After 3 decades of performing, the man behind Webb Wilder starts to shine through

Webb Wilder and The Beatnecks play June 23 at Street Music on Paris Avenue

jpaprocki@islandpacket.comJune 20, 2012 

Webb Wilder and The Beatnecks will perform at 6:30 p.m. June 23 at Street Music on Paris Avenue in Port Royal.

SPECIAL TO LOWCOUNTRY CURRENT

  • Webb Wilder and The Beatnecks play at 6:30 p.m. June 23 at Street Music on Paris Avenue in Port Royal. Admission is free.

    Details: www.artworksinbeaufort.org

Done up in a cowboy hat and '50s-style browline glasses, Webb Wilder's eclectic look is similar to his music. He plays a blend of rockabilly, British invasion, surf pop, R&B and old school country. His stage persona just adds to the mix. He comes off more like a film noir detective than a rock 'n' roller.

He's been playing music professionally for more than three decades, achieving cult status. Every year, self-described "WebbHeads" gather in the fall for the annual Webb Fest in Kentucky to hear their idol play.

He's even got his own credo, devised during a mock interview: "Work hard, rock hard, eat hard, sleep hard, grow big, wear glasses if you need 'em."

These days he's trying to get a little past the persona. He's worn it well. But beyond Webb Wilder is John Webb McMurry, the downhome Southern kid who just wanted to play rock 'n' roll for the rest of his life, but didn't know how.

"Webb Wilder is me," he said. "But there's other parts of me."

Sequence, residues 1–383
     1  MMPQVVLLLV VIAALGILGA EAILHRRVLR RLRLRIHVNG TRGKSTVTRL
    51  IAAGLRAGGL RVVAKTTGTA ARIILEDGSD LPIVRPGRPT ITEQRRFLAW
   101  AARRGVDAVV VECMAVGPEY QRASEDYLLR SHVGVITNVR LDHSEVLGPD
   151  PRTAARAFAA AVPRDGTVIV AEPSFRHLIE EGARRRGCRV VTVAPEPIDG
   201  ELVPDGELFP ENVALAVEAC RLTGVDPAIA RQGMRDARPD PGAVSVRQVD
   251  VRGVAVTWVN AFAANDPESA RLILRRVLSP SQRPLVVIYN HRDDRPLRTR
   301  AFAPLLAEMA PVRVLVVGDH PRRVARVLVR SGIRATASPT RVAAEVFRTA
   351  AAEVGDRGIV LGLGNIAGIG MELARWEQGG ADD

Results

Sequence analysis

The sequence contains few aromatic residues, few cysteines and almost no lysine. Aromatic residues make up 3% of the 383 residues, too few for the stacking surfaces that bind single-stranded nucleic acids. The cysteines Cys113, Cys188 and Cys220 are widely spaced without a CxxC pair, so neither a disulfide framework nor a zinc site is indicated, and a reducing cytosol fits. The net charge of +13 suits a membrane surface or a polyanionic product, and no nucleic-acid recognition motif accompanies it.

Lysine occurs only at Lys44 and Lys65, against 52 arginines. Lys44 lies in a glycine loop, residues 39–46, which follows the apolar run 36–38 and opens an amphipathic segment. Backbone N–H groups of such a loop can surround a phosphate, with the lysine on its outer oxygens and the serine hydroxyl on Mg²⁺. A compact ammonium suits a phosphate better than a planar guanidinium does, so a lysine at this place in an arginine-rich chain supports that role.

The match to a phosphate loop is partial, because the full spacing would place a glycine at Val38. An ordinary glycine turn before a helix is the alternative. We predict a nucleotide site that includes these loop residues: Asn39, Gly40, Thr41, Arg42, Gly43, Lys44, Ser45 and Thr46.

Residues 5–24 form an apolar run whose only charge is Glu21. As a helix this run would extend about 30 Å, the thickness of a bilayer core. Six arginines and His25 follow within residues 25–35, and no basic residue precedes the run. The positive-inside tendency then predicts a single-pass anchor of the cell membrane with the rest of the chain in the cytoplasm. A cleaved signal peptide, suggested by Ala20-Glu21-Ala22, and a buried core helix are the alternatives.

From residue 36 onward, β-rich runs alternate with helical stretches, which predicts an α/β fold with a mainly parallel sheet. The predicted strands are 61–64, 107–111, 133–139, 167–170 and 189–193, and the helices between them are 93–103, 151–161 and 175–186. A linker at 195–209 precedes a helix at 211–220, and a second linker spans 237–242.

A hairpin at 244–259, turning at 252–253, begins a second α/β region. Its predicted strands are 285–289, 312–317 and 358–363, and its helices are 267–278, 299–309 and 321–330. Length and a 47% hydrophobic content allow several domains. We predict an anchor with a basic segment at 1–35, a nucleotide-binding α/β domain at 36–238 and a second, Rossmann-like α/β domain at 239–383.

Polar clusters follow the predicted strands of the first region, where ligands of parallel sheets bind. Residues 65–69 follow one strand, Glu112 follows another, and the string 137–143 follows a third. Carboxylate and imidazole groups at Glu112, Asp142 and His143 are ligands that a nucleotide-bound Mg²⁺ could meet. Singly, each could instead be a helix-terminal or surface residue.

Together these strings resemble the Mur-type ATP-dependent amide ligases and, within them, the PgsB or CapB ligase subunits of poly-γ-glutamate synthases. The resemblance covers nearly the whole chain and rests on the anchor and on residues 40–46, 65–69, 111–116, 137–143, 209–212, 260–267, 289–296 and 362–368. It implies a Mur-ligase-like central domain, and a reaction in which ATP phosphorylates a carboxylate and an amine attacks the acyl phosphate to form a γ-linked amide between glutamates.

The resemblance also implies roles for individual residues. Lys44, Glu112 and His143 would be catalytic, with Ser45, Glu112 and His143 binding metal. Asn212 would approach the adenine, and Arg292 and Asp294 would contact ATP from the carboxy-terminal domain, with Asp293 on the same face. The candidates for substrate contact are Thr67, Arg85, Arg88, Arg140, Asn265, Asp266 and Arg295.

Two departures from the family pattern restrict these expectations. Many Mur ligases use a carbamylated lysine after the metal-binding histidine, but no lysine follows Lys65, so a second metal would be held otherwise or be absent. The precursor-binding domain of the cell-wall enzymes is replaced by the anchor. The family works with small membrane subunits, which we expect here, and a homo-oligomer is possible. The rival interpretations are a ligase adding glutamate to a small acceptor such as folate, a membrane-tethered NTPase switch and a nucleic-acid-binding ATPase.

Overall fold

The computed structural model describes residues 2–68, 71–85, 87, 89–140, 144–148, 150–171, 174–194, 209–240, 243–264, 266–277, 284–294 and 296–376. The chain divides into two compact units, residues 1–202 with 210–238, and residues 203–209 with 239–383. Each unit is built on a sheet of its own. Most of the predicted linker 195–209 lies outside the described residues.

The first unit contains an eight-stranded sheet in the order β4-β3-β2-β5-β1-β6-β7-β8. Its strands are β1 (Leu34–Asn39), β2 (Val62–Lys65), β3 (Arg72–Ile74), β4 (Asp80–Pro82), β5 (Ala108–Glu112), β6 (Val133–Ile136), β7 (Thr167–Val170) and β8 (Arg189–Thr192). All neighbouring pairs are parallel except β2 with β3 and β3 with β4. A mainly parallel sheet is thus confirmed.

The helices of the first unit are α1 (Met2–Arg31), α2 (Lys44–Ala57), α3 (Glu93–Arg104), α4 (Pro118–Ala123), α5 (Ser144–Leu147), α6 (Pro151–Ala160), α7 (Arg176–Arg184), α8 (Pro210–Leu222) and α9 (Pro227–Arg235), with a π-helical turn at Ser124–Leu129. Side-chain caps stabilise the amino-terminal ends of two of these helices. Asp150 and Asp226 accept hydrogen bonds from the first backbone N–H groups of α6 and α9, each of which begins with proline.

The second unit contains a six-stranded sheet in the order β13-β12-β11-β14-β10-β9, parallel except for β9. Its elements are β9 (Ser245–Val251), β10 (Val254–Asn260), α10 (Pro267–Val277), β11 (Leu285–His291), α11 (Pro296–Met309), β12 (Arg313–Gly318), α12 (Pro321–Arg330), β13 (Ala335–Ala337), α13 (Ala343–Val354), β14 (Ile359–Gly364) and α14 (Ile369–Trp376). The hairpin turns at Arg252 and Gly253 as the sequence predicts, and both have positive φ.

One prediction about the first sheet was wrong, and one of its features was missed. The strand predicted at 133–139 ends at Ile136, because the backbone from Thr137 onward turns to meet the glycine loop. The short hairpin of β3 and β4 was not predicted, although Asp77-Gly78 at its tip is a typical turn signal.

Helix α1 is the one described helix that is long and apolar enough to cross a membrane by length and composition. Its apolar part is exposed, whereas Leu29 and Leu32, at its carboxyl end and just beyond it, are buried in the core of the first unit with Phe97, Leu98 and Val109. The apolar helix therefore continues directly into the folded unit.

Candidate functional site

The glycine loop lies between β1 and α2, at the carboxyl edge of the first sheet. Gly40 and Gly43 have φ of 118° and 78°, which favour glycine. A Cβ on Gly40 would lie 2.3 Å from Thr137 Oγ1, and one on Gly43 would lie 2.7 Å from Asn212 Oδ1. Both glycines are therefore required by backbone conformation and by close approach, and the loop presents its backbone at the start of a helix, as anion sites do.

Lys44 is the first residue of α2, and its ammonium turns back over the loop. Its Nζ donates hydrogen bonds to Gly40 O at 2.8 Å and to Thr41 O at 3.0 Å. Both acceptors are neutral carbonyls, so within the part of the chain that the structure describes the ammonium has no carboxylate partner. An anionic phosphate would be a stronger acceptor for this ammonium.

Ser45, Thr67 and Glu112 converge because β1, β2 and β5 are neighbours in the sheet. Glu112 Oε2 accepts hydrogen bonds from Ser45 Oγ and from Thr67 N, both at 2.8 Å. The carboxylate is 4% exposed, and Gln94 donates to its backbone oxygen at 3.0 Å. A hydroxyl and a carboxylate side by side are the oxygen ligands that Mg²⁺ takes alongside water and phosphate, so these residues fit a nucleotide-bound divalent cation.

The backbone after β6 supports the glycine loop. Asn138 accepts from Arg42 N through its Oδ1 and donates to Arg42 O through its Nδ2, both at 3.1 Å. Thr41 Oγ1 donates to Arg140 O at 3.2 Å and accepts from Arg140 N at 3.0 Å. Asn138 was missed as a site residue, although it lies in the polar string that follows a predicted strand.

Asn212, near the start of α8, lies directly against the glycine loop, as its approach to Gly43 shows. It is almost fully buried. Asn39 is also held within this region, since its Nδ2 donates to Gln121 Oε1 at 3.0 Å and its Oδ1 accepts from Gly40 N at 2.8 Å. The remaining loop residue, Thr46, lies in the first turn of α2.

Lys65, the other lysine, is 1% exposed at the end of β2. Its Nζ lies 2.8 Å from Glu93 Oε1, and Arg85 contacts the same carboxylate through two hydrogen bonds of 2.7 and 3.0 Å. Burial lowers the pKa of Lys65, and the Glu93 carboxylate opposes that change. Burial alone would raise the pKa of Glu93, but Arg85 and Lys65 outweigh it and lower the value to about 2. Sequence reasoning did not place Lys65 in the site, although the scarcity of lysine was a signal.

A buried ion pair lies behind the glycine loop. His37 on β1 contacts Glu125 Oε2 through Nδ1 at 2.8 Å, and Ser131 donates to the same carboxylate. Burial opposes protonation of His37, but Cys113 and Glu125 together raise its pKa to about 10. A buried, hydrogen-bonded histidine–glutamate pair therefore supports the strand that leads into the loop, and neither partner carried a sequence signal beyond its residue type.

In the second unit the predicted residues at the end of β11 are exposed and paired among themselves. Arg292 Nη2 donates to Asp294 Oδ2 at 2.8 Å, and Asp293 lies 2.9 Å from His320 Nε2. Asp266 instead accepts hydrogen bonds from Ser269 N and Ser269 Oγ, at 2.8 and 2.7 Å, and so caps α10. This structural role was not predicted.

Webb Wilder and The Beatnecks play June 23 at Street Music on Paris Avenue.

Wilder grew up in Hattiesburg, Miss., in the '60s. He was glued to the television, watching the "Porter Wagoner Show" and similar viewing for the musically inclined. The world of glitzy country shows like that seemed worlds away from the Deep South. He just loved the music, and he had supportive parents. But the concept of making a living as a musician just wasn't something that they thought could happen.

"I didn't think it was possible," he said. "I just kept going with my gut."

He thought he'd be a businessman like his father or uncle, but tried and failed at working at the family business. He kept following his gut. He knew he loved playing music. He took a chance and moved to Austin, Texas, found success there and eventually landed in Nashville, Tenn.

In the early 1980s, a pair of filmmakers convinced him to star in a short film noir parody called "Webb Wilder, Private Eye." The film achieved cult status. Soon enough, the character of Webb Wilder was part of the stage show. McMurry became Webb Wilder and Webb Wilder became the rock 'n roller McMurry always wanted to be.

Since then, he's developed a legion of fans, toured the country and put out nine albums. Little by little, he's getting away from the Webb Wilder persona. His last album, released in 2009, is titled "More Like Me."

Webb Wilder always will be around, but the man behind the legend is starting to shine through more. Not to worry. He's not about to get all sentimental or anything. He's just thinking back to the reasons he got into the business in the first place.

"I still haven't lost sight that rock 'n' roll is a wonderful thing," he said.

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